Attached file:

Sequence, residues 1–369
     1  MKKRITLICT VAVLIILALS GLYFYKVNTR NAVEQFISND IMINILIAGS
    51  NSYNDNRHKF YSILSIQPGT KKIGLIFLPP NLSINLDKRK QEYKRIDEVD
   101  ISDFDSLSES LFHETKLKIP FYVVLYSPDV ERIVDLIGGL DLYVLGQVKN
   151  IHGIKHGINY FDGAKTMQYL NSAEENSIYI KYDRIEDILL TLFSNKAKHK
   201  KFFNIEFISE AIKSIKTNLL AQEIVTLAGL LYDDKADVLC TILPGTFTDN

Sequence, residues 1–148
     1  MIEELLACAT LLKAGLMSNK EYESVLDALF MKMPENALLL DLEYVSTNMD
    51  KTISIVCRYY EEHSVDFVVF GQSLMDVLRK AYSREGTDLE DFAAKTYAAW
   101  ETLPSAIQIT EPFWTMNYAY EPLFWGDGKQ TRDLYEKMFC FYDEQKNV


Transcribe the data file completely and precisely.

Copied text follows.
Sequence, residues 1–369
     1  MKKRITLICT VAVLIILALS GLYFYKVNTR NAVEQFISND IMINILIAGS
    51  NSYNDNRHKF YSILSIQPGT KKIGLIFLPP NLSINLDKRK QEYKRIDEVD
   101  ISDFDSLSES LFHETKLKIP FYVVLYSPDV ERIVDLIGGL DLYVLGQVKN
   151  IHGIKHGINY FDGAKTMQYL NSAEENSIYI KYDRIEDILL TLFSNKAKHK
   201  KFFNIEFISE AIKSIKTNLL AQEIVTLAGL LYDDKADVLC TILPGTFTDN

Sequence, residues 1–148
     1  MIEELLACAT LLKAGLMSNK EYESVLDALF MKMPENALLL DLEYVSTNMD
    51  KTISIVCRYY EEHSVDFVVF GQSLMDVLRK AYSREGTDLE DFAAKTYAAW
   101  ETLPSAIQIT EPFWTMNYAY EPLFWGDGKQ TRDLYEKMFC FYDEQKNV